Thursday, March 31, 2011

Kilmainham Gaol

I've been wicked fail at blogging lately, and it's awful. I mean, I still have to write about Cork! And that was ages ago! And just so many other things have happened, even though I can't blog about all of them. So, pretty much, expect a post about most of that soon. Tomorrow, hopefully!

Anyway, I have a story for now. It's sort of about the famine, so if you're in a really wicked awesome mood and want it to stay that way, you might not want to read it just right now.


She would shiver, but she forgot how to do that a lifetime ago. Or maybe it was several lifetimes ago. She didn’t know what time was, anymore. She didn’t think, anymore. Couldn’t think. If you asked her what her name was, she wouldn’t be able to tell you, because the person with that name was gone. The person who laughingly sang and danced and whispered and passionately screamed was missing, or else dead. She was a skeleton now, and her smile fled from her face so long ago, to find food elsewhere.

She would say she missed that one happy lifetime, but she’d forgotten how to do that, too.

So, she leaned, hunched against the freezing stone wall of the gaol. Even the hundreds or dozens of bodies didn’t warm the cell. They were far too close to death to emit any sort of heat. And they were all just angles, anyway, all shells of former people. Their limbs were like paper, and they had no fat or strength to block out the frigid air. The winter wind would rush in and have no problem blowing through their brittle, fast disappearing, bodies.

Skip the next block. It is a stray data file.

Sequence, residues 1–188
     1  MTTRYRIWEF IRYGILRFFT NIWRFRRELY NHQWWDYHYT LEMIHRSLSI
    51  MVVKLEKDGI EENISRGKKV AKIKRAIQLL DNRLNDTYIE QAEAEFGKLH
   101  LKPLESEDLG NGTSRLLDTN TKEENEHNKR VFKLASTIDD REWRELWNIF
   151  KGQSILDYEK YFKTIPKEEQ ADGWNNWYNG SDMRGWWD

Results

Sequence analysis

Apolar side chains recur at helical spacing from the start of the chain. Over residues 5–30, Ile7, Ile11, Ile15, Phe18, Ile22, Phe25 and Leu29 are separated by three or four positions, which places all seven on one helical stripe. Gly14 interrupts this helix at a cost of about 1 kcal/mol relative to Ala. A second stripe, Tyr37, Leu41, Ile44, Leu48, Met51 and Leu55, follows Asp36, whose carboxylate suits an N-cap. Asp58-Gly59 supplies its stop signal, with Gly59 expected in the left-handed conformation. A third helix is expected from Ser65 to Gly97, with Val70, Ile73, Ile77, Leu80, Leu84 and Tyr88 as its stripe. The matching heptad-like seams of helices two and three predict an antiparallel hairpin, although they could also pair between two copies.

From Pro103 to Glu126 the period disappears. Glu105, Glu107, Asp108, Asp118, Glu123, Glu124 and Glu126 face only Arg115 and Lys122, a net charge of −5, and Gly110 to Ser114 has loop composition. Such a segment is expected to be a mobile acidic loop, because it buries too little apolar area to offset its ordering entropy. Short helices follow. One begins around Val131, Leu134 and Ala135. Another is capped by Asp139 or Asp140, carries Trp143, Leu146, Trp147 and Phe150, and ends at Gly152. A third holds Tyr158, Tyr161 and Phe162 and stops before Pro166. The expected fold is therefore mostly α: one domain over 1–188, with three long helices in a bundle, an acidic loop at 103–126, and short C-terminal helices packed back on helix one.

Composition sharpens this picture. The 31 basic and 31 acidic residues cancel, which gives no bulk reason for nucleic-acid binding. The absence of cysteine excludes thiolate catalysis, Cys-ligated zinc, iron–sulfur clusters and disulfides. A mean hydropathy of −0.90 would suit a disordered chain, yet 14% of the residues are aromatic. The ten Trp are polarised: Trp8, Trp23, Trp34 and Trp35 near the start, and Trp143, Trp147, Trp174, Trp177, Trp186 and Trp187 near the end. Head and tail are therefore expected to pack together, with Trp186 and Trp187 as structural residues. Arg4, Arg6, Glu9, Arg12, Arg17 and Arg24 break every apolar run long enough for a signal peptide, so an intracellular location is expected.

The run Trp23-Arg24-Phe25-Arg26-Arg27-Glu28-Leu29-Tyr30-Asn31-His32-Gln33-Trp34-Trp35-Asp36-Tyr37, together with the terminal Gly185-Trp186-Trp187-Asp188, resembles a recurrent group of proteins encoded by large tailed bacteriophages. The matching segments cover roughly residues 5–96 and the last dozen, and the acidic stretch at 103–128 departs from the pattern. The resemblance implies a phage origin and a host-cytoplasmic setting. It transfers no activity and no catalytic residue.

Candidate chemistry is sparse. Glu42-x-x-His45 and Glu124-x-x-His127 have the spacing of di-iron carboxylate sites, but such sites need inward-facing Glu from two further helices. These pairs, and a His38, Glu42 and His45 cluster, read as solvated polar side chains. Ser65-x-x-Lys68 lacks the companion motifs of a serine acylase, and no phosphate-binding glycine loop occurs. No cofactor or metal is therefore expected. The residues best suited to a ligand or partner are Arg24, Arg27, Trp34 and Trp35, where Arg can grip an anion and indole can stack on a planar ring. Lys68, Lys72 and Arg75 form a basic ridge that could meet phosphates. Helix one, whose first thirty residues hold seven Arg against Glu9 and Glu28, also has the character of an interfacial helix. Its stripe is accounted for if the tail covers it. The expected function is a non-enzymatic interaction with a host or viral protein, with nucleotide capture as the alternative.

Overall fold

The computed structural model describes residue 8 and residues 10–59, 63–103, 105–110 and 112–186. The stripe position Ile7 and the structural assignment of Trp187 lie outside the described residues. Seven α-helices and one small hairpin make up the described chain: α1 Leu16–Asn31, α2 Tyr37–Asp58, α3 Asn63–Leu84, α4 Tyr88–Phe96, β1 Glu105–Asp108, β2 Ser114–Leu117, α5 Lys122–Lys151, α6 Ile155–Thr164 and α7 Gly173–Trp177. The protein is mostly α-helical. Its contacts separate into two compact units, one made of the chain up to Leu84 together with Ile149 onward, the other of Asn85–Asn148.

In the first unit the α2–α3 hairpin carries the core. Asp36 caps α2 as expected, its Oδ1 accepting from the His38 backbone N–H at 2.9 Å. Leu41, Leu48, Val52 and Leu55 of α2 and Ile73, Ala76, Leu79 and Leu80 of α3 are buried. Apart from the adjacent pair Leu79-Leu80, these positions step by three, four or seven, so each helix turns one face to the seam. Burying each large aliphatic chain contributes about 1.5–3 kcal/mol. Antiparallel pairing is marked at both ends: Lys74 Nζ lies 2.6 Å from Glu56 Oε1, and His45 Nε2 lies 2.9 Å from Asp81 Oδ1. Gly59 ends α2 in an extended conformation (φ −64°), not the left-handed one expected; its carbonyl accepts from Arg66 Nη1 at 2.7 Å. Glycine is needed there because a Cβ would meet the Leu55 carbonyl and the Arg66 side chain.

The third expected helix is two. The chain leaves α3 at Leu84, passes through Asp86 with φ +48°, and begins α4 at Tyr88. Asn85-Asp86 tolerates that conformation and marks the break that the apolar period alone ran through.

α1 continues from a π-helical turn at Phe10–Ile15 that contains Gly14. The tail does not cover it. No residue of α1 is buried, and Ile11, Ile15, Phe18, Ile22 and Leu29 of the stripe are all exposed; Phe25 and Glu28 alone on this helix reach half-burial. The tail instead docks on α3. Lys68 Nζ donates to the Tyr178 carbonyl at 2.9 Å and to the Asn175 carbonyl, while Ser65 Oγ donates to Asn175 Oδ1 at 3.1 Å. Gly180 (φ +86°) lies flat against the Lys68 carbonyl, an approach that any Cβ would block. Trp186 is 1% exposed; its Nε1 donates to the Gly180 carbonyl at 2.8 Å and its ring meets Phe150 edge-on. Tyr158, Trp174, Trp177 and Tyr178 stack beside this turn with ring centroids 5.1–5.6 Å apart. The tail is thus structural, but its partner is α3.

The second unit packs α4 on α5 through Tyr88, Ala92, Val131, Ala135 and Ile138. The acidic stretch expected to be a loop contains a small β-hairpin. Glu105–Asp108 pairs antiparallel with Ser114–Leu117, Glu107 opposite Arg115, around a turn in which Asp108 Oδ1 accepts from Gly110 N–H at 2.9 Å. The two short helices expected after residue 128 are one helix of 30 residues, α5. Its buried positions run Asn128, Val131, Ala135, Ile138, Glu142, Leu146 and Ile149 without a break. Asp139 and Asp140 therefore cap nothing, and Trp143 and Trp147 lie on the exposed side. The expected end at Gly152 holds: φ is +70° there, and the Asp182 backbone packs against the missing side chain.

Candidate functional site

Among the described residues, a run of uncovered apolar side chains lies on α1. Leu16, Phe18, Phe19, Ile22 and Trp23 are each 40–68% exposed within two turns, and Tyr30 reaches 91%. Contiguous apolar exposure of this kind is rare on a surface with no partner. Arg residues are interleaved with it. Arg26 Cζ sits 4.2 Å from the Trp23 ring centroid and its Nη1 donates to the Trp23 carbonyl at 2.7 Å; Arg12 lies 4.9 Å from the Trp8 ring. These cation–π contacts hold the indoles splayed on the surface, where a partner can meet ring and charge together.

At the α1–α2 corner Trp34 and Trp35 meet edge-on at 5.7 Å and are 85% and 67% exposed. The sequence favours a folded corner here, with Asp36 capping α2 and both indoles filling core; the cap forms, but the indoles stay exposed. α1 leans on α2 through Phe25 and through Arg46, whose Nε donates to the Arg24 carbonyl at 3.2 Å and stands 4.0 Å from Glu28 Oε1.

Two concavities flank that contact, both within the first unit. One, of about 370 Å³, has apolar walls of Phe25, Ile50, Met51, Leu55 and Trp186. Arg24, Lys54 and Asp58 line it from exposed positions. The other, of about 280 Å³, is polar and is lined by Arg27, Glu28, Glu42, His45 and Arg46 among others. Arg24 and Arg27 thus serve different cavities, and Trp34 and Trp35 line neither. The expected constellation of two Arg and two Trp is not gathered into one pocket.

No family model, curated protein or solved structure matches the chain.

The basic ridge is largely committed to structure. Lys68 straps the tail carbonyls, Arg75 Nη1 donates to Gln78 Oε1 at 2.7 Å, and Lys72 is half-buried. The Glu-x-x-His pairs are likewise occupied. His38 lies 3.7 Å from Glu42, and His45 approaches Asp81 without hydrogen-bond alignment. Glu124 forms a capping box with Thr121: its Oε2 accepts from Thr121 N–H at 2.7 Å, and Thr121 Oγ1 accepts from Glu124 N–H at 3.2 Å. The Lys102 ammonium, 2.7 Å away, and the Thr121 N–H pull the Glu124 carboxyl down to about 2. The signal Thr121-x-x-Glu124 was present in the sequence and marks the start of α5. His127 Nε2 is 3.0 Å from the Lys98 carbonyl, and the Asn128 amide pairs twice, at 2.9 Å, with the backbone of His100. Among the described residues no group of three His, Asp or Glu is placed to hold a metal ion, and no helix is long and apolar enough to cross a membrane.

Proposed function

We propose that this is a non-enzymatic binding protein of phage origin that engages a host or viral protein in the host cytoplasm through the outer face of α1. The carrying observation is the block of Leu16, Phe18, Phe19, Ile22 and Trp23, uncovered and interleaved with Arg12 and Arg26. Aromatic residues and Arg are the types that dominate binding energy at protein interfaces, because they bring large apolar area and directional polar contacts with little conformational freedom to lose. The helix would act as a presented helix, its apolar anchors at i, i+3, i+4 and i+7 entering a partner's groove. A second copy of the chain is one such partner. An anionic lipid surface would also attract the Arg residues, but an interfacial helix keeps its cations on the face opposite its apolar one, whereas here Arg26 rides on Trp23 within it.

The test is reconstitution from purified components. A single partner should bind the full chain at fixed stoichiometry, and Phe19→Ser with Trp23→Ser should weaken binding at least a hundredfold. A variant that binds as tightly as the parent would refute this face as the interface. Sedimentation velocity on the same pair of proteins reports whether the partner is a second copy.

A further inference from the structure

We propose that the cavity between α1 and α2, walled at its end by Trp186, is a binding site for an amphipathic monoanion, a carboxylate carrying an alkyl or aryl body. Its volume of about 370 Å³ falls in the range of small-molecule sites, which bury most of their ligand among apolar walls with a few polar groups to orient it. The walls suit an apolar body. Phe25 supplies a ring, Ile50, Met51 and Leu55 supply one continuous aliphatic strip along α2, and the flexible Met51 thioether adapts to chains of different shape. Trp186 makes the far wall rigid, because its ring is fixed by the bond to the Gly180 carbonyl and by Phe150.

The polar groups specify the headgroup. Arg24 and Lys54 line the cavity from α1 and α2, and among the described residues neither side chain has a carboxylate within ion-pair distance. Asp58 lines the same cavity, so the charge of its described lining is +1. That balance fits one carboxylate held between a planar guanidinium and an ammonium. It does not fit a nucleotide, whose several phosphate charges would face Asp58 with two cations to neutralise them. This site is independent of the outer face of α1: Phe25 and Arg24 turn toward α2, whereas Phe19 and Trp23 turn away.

Once upon a time, she came to the gaol to survive. She’d thought that the gaol, with its regular meals, would save her. But then the meals weren’t regular. But then she forgot what living was. And then she forgot what death was, so she had no reason to fear it.

She saw the ghosts of the dead sometimes. The ashen, unblinking faces she’d once known and once watched grow stiff. Their ghosts were the same as their bodies, saying nothing except in their eyes. Because their eyes told their stories, told of potatoes blackening and laughter falling thousands of feet off a sea cliff, finally shattering. Told of babies growing cold under mounds of soft blankets, songs they tried to sing but ended up not even being able to whisper, the roads they built that went nowhere, just like their weakening, faltering bodies.

Her thoughts had stopped forming words ages ago, but she knew—their eyes told her— life wouldn’t last much longer. She wasn’t sure whether or not to be grateful, so she just wasn’t anything.

But she took her last bit of strength and let herself listen to the creakings around her. A child cried, a thin, devastated wail. The emancipated leftovers of a person collapsed to the ground nearly soundlessly, and tried to suck in the dirt floor for food. Another body, one of the few strong enough, rocked back and forth on skin stretched thin and bones, and hummed the same four notes of the same familiar song, over and over again.

She heard all of this, and then she shut her ears, and shut her eyes.

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